Trade associations representing the gun industry issued a statement on bump stocks Monday urging Congress to wait for federal regulators to complete a review of the device before taking legislative action.
In a joint statement, the National Shooting Sports Foundation and the Sporting Arms and Ammunition Manufacturers’ Institute have asked the ATF to review and evaluate the bump stock device to determine if they comply with federal laws governing machine guns.
“We urge Congress to allow ATF to complete its review before considering any legislation so that any policy decisions can be informed by the facts and ATF’s analysis,” the statement says.
The organizations — the NSSF, representing gun makers and retailers, and SAAMI, which sets manufacturing standards and best practices for gun makers — echo the sentiment shared by the National Rifle Association, which released a statement suggesting the devices should be regulated.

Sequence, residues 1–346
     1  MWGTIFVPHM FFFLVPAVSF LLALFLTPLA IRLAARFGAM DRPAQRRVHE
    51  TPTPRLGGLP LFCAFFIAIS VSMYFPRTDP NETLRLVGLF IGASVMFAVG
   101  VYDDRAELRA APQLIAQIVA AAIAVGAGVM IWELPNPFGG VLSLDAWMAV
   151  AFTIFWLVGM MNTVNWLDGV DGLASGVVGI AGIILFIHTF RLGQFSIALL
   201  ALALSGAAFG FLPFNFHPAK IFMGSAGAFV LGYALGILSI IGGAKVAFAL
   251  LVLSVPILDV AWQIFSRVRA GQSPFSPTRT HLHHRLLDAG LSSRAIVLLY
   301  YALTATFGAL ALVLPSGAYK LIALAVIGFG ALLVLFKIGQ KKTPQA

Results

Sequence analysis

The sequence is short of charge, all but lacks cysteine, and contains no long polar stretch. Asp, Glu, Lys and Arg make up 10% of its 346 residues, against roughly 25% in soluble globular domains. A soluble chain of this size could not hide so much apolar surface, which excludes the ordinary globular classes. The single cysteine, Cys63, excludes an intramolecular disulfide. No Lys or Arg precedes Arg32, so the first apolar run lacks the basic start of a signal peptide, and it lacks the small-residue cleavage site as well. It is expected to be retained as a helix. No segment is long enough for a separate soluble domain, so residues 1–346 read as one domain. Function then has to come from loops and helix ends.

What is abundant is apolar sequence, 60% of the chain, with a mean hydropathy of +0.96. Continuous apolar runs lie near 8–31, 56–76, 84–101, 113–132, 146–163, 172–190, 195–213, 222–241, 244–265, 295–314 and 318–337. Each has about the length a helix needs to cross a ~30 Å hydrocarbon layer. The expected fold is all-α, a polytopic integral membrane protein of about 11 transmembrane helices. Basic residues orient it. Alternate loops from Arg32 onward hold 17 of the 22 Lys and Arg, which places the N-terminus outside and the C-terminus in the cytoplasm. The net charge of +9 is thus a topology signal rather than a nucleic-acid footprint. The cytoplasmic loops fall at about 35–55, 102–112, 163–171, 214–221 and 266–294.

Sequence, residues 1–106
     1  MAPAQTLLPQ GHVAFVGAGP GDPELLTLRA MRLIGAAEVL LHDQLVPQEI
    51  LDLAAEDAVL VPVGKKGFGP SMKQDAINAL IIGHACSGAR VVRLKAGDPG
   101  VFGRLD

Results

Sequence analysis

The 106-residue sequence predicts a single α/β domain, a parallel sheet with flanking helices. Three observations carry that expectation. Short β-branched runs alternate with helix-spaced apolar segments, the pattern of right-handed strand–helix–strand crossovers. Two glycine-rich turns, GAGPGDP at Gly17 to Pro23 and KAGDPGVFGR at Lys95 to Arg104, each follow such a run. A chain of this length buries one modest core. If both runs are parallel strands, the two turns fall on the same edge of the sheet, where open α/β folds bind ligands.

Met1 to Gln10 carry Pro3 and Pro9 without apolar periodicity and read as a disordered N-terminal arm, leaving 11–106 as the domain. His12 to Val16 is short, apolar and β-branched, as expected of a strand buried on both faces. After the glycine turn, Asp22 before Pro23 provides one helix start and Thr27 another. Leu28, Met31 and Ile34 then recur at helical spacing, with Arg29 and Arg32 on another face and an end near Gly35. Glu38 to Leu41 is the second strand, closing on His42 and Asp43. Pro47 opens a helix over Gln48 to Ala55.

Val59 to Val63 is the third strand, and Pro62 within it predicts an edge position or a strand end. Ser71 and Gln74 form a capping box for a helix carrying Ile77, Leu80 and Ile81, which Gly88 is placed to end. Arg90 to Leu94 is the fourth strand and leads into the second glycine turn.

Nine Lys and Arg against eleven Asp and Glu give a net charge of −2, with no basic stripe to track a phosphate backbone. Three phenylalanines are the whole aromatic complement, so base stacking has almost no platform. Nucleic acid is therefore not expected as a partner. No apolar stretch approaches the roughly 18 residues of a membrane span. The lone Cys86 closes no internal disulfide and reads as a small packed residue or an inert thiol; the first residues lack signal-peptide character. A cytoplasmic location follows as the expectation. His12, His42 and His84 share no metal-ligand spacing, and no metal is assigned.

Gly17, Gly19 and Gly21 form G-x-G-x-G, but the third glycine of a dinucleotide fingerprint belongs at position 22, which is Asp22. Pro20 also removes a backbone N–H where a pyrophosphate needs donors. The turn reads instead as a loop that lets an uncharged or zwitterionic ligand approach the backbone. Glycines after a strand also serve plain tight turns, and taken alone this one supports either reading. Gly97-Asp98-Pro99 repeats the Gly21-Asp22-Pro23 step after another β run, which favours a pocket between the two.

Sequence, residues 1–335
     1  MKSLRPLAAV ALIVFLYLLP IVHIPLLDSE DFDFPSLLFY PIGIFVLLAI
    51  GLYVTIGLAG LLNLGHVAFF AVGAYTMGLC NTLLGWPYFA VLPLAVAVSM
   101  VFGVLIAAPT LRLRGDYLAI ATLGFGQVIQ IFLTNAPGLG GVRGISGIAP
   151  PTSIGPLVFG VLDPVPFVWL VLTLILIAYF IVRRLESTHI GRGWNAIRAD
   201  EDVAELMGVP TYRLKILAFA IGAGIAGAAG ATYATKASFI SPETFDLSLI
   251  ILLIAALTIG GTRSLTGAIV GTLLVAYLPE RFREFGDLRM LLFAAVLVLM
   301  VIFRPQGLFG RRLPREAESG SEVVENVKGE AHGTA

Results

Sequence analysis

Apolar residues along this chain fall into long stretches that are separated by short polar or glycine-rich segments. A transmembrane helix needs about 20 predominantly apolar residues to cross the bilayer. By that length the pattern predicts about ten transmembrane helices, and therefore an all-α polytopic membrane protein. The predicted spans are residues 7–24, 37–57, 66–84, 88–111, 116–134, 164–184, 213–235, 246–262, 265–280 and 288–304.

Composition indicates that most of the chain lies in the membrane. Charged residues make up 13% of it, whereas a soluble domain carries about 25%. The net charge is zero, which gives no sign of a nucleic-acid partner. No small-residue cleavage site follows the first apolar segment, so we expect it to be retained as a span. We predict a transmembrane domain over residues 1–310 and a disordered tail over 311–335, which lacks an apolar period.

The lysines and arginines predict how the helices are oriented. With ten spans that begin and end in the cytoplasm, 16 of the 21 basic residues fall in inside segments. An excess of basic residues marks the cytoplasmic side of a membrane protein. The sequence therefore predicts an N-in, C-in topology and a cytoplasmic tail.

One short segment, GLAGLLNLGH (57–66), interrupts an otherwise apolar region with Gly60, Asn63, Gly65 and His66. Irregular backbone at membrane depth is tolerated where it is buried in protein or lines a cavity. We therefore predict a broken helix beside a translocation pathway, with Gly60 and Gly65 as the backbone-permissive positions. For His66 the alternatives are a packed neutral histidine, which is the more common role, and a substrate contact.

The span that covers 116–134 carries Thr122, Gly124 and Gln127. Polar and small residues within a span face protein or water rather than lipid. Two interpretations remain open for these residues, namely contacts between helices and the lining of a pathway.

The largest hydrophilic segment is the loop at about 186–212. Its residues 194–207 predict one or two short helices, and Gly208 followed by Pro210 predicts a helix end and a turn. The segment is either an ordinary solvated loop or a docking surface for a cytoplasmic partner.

Pro-gun advocacy groups have largely taken a harder stance, saying they would oppose any measure that bans bump stocks. However, the Second Amendment Foundation, a litigious organization that often challenges gun laws in state and federal court and even the U.S. Supreme Court, said it would support a “productive dialogue” concerning bump stocks.
The device became the subject of debate after a gunman used the device to spray gunfire into an audience of 22,000 at a concert on the Las Vegas strip on Oct. 1, killing 58 people and injuring almost 500 others. Attaching a bump stock to a semi-auto rifle allows it to mimic full-auto fire.
The incident spurred lawmakers on both sides of the aisle to express support for banning the item by updating federal law to allow for regulation of the device. Democrats filed a proposal but a bipartisan measure has not been filed yet.
The Glock G45 and S&W M&P are two of the most popular handguns on the market today. There's a reason for this. They’re both fantastic guns. But is one better than the other? Technically, no. But personally, yes. Let's find out.